There are two problems with Bush's policy of fostering democracy everywhere. The first is that it's not his actual policy. Bush's closest allies include a rogues gallery of thugs and other democracy-haters. He not only stood by but actively blessed efforts by Islam Karimov of Uzbekistan and Pervez Musharraf of Pakistan to snuff out opposition parties (in Pakistan's case, even secular ones).
With Uzbekistan, Bush initiated a strategic partnership in 2002 that was supposed to be conditioned upon human rights improvements, but he waived the requirement for each of the last two years.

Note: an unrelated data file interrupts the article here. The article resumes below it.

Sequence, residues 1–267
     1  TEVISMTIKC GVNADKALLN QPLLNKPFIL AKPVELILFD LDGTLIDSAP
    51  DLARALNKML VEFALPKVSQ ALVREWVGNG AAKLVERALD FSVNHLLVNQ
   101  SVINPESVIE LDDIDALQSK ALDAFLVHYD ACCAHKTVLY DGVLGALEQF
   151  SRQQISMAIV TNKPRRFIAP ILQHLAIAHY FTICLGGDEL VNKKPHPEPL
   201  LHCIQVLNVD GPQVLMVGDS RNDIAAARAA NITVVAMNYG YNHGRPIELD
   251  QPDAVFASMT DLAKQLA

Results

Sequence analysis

In Pakistan, Bush's State Department blessed an "election" that even the feckless European Union pointed out was rigged. Bush has abandoned even token pressure for democracy in places such as Russia and China.
As Chait goes on to say, this is perfectly explainable, given the more urgent goals of combating terrorism and fighting tangible wars (which requires, among many other things, deals with the devilish border states).
It's true, criticism of realpolitik can be a convenient excuse for terminal inaction, but I think it's also true (though I'm eager to be shown otherwise) that the democracy-spreading project of neo-conservatism has not produced a concomitant concern that Bush's policy of taking the offensive abroad necessitates compromise with anti-democratic nasties who incubate, well, terrorists.